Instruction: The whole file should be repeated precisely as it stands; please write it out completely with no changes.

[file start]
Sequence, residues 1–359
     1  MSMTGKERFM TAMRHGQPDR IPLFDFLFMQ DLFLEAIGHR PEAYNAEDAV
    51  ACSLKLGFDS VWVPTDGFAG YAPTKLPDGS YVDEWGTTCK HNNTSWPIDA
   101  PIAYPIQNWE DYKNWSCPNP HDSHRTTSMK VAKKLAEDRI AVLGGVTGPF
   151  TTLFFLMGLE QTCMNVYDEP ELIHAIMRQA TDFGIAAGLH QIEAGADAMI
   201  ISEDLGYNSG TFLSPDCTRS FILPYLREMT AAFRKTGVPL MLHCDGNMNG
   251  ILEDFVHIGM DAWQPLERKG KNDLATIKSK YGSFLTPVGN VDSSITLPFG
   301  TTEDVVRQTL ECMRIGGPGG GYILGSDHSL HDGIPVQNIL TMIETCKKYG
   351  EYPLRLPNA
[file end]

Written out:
Sequence, residues 1–359
     1  MSMTGKERFM TAMRHGQPDR IPLFDFLFMQ DLFLEAIGHR PEAYNAEDAV
    51  ACSLKLGFDS VWVPTDGFAG YAPTKLPDGS YVDEWGTTCK HNNTSWPIDA
   101  PIAYPIQNWE DYKNWSCPNP HDSHRTTSMK VAKKLAEDRI AVLGGVTGPF
   151  TTLFFLMGLE QTCMNVYDEP ELIHAIMRQA TDFGIAAGLH QIEAGADAMI
   201  ISEDLGYNSG TFLSPDCTRS FILPYLREMT AAFRKTGVPL MLHCDGNMNG
   251  ILEDFVHIGM DAWQPLERKG KNDLATIKSK YGSFLTPVGN VDSSITLPFG
   301  TTEDVVRQTL ECMRIGGPGG GYILGSDHSL HDGIPVQNIL TMIETCKKYG
   351  EYPLRLPNA